1 John 2:15-17

"Do not love the world or anything in it." What was John thinking of when he spoke here about "the world"? He actually talks about two things here: the world itself and then all the things in it. John knows how important it is that we live "in the light" in every area of our lives if we are to show Jesus to the people around us and walk in close, undisturbed, fellowship with our amazing Father who loves us. That's why he now tackles one of the most deeply ingrained - but wrong - attitudes in the lives of believers. (We need to show active obedience in every area of our lives if we are to have the close intimate friendship with God that Jesus paid for us to have.)

John uses the same word in both his gospel and his first letter. In John's gospel, he writes: "For God so loved the 'world' that He gave His one and only Son, that whoever believes in Him shall not perish but have eternal life.” (John 3:16) Then, in his first letter, he says: "We know that we are children of God and that the whole 'world' is under the control of the evil one." (1 John 5:19) Many Christians have found this confusing and struggled to have a balanced attitude to the "world". We have either withdrawn in a "holy huddle" and become exclusive, or we have been so closely involved with the "world" that it is hard for people to see any difference between those in the kingdom of God and those in secular society. Our Father, who loves us, wants us to have the right attitude to the "world" so, when we pray, let's ask Him to show us where He wants us to change our thinking. (Romans 12:2) After all, Jesus commissioned all His followers to: "Go into all the 'world' and preach the good news to all creation." (Mark 16:15)

The world

The world - or "kosmos" (Gk) - is the beautiful creation of earth, surrounded by galaxies of stars, where we live. "The earth is the LORD's and everything in it: the world and all who live in it." (Psalm 24:1) When God first created the earth, He "saw all that He had made and it was very good". (Genesis 1:31) Everything was beautiful, harmonious and in good, working order. But, after the rebellion by Adam and Eve (also known as "The Fall"), when they chose to listen to Satan and ignore God's guidance, the earth was placed under a curse. (Genesis 3:17-19) Whereas, previously, Adam & Eve had looked to God to provide for them, now they were independent and had to work the earth in order to produce food to eat. It changed the whole focus for humanity thereafter. God had given mankind a responsibility as managers of His creation (Genesis 1:28) but people wanted to be in charge. It was only when Jesus came to buy us back from Satan and show us a new way of living, that it became possible for us to be in the world but not of the world.

Everything in the world

John goes on to challenge his readers directly about their attitude to the organised system of human civilisation that had developed in the world since "The Fall". Human nature had been irretrievably damaged by Adam & Eve's rebellion and society had developed in opposition to God and alienated from Him. The apostle, James, described this well in his own letter: "You adulterous people! Don't you know that friendship with the world is hatred toward God? Anyone who chooses to be a friend of the world becomes an enemy of God." (James 4:4) The problem facing believers is a temptation to water down the radical teaching of Jesus about how we should live our lives, in order to "hold hands" with the world. The danger is that we become distracted by "all that is in the world" or overwhelmed by it. (Matthew 6:21; Mark 4:18-19) As soon as we choose to make the world of human society our priority and chase after everything that the system tells us we need, (such as money, status, luxuries and power), we begin to live our lives as enemies of God!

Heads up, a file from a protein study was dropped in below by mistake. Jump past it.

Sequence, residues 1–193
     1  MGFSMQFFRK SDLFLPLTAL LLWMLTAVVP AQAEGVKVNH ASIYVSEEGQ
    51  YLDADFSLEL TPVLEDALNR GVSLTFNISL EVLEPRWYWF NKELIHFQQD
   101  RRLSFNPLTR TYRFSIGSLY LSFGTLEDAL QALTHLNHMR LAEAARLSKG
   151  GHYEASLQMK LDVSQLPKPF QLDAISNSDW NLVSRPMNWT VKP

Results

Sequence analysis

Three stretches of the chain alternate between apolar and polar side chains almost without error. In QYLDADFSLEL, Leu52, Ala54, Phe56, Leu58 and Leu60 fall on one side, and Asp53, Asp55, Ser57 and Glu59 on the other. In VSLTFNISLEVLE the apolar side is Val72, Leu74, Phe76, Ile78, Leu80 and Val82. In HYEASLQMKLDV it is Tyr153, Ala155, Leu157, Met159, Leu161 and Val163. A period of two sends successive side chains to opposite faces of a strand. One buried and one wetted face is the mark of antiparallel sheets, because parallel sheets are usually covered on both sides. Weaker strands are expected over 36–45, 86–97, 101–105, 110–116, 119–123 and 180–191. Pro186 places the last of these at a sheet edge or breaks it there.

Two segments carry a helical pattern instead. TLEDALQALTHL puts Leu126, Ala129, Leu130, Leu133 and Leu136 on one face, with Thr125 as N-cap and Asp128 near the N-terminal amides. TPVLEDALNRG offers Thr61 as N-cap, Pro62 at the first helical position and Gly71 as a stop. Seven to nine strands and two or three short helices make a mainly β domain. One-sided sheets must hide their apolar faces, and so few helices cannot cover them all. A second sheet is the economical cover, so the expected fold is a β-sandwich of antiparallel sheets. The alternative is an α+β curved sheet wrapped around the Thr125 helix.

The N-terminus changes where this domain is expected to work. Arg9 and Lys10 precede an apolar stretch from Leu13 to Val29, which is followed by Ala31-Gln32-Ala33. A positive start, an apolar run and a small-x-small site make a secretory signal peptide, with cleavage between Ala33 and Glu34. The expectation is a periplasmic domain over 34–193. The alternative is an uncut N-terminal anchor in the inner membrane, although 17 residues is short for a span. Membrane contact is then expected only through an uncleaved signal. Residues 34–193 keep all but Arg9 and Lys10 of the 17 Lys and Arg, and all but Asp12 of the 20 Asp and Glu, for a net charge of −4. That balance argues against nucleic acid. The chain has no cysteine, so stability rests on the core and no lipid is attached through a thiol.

A new way of living

"Everything in the world - the lust of the flesh, the lust of the eyes and the pride of life - comes not from the Father but from the world." (1 John 2:16)

John puts his finger on our attitude to the "world" and what is going on inside us. This is so important. The "world" affects us far more than we realise or care to admit, but what is going on inside us is the fundamental root of humanity's problems. "The heart of the matter is the matter of the heart." (Revd David Hearn, President of the Christian and Missionary Alliance in Canada) Jesus put it this way; "What comes out of people is what makes them 'unclean.' For from within, out of peoples' hearts, come evil thoughts, sexual immorality, theft, murder, adultery, greed, malice, deceit, lewdness, envy, slander, arrogance and folly. All these evils come from inside and make people 'unclean'." (Mark 7:20-23)

John gathers "anything in the world" under three headings. The "lust of the flesh", the "lust of the eyes" and the "pride of life". Let's look at each one in more detail.

The lust of the flesh

This can also be described as the "craving of sinful people". Whatever our fallen, sinful nature desires when we are not "walking in the Spirit", will draw us away from God and His best for us. It describes what happens when we become focused on gratifying our physical desires. These can be uncontrolled excesses of any kind, laziness or self-indulgence. They never really satisfy us because, when we get what we think we want, we only want more. The "flesh" (our rebellious, "fallen" nature) can act as a tyrant over our ordinary physical nature, which was made by God and is not evil in itself. The "world" can never give us what it promises but, as we are led into disobedience by our "flesh", we are drawn away into rebellion against God and His way of doing things. Consequently, we lose the satisfaction and peace that come from living "in Jesus". The "world" will tell us that we can have freedom if we follow its way of doing whatever we like. What it does not mention is the fact that we are likely to become enslaved to our sinful behaviour, with a constant drive to have more, just like an addict. Our "freedom" only leads to destruction.

The lust of the eyes